Coronavirus (COVID-19) has radically altered the formal bricks and mortar environment of school education that much of the UK’s children were used to. Whether we call it home schooling, home education or home learning, this new realm is fresh and challenging territory for many parents. Drawing on her expertise in home education, Dr Amber Fensham-Smith, Lecturer in Childhood and Youth Studies at The Open University provides some top tips for parents attempting to teach some form of curriculum at home.
De-compress and de-school
See this an opportunity for children who have previously attended school to ‘decompress’ from the stresses and strains of formal schooled provision. We’re all experiencing heightened levels of anxiety in these extraordinary times and it’s inevitable that this will rub off on your children. Relish the opportunity to switch off from the pressures of work and schooling for both you and your child’s sake: listen to music, watch a film together or draw.
Use this as an opportunity to reconnect with your children’s interests. Work with your child to find out what they enjoy and build activities around this. Although it will be challenging at times, try and enjoy these moments together, because before we know it, we’ll all be returning to the rat race of life.
Let them get bored
From boredom comes creativity. Don’t feel like you have to keep your child occupied for every minute of the day. Even though structure can be useful, allow your child the freedom to explore their imagination and think up their own activities and games.
In addition to the work that schools set, encourage children to identify a family learning project. If you have access to a garden, why not learn outside. Get creative with household items!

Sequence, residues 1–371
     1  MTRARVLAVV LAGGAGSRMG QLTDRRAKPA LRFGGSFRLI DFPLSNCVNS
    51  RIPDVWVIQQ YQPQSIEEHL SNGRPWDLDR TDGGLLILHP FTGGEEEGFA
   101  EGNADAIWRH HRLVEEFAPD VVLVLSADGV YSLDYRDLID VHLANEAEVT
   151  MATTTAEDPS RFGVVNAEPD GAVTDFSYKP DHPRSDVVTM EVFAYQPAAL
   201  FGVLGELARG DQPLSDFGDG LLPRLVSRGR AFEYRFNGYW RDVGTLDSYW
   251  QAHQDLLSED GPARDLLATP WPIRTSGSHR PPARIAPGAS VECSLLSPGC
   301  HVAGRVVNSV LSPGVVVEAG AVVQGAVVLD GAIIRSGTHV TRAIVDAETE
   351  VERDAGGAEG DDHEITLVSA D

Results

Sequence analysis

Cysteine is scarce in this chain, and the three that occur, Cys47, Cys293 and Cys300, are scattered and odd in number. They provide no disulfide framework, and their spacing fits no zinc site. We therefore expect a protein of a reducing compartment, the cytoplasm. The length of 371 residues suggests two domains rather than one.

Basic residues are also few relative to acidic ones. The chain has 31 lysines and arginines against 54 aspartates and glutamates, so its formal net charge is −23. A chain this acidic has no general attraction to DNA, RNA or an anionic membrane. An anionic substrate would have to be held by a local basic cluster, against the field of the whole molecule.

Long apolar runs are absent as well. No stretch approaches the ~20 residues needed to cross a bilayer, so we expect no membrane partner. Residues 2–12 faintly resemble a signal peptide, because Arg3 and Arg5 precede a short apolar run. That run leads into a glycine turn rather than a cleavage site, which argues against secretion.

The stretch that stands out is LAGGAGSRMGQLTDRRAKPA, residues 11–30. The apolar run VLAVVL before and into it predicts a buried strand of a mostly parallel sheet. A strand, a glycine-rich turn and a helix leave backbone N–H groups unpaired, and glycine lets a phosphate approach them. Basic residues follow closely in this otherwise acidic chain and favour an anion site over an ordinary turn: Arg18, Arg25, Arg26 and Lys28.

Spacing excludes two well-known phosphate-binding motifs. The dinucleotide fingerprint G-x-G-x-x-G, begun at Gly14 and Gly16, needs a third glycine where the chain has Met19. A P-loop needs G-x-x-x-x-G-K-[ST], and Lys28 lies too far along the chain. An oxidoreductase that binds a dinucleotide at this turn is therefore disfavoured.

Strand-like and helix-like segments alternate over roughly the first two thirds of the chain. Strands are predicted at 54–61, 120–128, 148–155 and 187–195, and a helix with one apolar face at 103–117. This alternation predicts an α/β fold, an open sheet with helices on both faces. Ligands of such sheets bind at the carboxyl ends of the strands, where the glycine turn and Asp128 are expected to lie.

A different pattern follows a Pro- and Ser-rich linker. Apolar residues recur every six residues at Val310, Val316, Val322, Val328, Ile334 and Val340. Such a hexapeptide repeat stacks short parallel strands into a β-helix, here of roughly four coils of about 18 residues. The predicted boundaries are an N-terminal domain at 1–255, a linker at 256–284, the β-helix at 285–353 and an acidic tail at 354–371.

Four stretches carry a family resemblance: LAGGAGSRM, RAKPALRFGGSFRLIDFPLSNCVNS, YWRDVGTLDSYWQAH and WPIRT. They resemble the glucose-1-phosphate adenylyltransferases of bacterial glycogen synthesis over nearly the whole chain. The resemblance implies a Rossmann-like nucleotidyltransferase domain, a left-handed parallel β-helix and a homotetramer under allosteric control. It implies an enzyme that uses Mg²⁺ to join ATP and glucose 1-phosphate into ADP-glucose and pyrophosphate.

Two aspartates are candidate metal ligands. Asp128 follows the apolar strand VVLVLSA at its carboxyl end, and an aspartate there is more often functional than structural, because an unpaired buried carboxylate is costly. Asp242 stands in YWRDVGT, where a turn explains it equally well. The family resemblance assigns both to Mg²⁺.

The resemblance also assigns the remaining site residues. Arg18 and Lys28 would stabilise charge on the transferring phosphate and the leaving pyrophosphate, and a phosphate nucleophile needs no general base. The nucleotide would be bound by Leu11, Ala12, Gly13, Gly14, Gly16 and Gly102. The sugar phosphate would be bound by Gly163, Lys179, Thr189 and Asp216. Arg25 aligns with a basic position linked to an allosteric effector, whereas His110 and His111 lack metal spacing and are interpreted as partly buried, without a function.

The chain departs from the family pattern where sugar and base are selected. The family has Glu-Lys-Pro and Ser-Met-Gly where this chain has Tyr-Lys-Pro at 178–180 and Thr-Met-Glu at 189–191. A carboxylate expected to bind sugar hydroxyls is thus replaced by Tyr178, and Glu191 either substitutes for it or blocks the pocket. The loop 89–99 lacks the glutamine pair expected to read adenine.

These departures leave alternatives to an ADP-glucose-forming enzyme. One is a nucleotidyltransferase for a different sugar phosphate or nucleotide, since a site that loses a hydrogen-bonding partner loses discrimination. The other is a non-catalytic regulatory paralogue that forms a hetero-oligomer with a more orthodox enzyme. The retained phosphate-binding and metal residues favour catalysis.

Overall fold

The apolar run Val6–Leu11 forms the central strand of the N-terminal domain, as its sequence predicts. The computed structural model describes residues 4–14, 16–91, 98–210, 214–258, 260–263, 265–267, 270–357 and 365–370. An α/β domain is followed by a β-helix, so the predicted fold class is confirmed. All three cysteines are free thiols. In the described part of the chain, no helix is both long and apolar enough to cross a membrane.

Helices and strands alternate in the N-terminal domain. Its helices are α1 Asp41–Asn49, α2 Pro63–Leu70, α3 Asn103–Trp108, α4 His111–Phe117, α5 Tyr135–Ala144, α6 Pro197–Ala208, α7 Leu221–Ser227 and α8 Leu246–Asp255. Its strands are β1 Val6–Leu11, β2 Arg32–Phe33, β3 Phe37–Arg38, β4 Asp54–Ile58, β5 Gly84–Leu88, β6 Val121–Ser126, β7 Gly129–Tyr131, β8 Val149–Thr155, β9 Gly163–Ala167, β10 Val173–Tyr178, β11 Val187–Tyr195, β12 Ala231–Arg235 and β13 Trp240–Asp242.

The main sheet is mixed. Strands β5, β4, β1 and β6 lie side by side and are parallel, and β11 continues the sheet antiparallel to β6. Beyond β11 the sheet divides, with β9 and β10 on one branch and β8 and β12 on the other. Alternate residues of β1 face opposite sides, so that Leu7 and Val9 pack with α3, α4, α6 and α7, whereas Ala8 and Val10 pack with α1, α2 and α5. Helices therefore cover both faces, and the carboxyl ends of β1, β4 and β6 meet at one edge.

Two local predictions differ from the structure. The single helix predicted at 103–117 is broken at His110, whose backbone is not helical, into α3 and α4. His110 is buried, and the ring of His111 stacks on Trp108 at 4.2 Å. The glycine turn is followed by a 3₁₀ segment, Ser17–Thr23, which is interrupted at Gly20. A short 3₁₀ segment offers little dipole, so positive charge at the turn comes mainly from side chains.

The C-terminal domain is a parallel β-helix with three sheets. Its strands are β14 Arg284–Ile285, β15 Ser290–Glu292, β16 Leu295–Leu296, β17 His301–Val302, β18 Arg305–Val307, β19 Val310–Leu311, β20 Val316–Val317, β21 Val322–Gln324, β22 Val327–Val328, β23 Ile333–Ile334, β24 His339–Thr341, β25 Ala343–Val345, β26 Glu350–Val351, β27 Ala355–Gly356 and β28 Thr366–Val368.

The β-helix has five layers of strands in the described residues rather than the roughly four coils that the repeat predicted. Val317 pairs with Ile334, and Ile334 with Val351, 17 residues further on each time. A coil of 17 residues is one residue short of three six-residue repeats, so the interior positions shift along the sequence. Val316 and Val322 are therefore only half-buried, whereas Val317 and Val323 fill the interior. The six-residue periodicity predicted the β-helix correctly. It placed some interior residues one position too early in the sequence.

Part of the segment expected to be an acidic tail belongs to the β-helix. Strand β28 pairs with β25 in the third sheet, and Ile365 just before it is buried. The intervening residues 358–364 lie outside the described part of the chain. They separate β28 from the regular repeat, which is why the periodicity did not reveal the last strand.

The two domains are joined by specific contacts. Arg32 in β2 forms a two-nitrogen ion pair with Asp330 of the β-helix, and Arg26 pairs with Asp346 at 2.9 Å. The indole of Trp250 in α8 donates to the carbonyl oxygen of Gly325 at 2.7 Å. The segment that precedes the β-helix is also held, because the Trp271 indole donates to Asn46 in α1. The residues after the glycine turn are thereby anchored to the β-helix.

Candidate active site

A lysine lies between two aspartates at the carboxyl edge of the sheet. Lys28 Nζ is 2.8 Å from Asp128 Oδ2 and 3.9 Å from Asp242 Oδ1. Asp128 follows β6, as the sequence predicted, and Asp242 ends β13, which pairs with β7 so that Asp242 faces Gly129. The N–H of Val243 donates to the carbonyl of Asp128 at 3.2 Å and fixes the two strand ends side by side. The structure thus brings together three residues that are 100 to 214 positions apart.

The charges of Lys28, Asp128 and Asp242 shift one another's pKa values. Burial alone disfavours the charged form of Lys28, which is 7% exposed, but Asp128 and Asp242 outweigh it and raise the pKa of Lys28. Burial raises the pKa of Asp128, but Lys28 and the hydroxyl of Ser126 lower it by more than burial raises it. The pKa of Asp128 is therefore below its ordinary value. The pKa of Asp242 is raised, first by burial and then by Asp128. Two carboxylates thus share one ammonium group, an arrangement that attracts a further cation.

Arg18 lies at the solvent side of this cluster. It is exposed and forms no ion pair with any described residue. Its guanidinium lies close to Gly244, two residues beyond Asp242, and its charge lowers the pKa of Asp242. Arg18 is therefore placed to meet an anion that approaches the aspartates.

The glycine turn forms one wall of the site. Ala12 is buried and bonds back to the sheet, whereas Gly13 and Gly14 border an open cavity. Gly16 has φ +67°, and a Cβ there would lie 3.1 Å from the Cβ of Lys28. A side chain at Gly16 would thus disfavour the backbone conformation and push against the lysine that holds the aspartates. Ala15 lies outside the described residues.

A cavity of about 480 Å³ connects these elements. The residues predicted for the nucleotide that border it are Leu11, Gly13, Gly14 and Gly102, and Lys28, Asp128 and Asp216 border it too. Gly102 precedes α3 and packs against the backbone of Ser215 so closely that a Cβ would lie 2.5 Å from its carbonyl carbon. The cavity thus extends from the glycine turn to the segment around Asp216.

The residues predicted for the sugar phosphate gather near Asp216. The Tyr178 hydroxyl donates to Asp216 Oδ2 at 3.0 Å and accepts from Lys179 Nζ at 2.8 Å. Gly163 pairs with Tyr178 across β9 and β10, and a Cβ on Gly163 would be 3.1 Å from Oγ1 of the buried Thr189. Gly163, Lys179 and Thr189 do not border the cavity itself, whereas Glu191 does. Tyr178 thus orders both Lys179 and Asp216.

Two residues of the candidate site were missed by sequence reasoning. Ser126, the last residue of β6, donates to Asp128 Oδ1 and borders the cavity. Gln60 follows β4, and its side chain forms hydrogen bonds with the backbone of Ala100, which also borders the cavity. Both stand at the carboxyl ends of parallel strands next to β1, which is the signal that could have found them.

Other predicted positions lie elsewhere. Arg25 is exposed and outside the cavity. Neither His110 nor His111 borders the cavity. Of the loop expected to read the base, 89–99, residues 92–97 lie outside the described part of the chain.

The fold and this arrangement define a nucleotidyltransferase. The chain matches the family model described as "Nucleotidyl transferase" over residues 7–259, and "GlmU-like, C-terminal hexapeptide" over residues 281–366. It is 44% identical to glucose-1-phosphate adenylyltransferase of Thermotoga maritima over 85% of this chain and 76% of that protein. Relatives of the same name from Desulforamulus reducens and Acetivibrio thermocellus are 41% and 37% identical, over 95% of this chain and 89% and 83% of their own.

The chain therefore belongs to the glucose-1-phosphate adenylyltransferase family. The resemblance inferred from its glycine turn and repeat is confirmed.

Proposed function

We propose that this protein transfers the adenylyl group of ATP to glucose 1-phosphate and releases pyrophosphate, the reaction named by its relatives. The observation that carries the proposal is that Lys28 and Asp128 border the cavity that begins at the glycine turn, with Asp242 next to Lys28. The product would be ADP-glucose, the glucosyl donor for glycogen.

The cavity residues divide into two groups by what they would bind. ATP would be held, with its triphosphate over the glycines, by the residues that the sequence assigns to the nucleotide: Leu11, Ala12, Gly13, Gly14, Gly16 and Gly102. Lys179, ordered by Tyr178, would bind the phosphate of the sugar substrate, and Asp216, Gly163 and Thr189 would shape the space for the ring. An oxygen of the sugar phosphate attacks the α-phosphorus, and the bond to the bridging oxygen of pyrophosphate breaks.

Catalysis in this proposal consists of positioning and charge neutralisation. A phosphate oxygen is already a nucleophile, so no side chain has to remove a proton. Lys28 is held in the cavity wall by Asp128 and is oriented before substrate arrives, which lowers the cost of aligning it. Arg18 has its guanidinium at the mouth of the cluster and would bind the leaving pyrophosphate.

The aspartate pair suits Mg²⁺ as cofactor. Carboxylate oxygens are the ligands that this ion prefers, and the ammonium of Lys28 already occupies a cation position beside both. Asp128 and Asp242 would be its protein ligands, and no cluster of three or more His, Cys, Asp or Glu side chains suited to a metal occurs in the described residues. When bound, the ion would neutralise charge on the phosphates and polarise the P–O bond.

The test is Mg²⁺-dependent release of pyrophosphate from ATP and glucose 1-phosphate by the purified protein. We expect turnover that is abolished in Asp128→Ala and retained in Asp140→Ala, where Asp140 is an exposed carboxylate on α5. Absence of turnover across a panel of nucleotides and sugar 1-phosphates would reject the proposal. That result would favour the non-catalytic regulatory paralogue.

A one size fits all model at home does not work
It is important to establish a routine that suits you and your family. For some children, this might resemble a more formally structured routine, for others this might mean shorter ‘learning’ chunks with flexibility around the sequence and pace of learning. What works for some families, might not work for you and that is okay.
Use new and existing online networks to share resources and ideas
Try new things – whether it’s turning a recorder into set of bagpipes with a plastic bag or researching the history of orchids. Use Twitter to share your ideas with friends, but don’t let what works for another family constrain what you chose to do.
Perhaps this situation will give parents greater scope to question the curriculum provided by the school and/or whether it represents a ‘good education’. If something is missing, or simply not working, move onto another activity or task.
Recognise that much of the curriculum planned will have to be ‘re-taught’ when normality is resumed. ‘Success’ in these circumstances goes far beyond your child’s ability to neatly fill out their OCR science textbook. Respond to what is and is not working for your child and do not be quick to label failure as a weakness.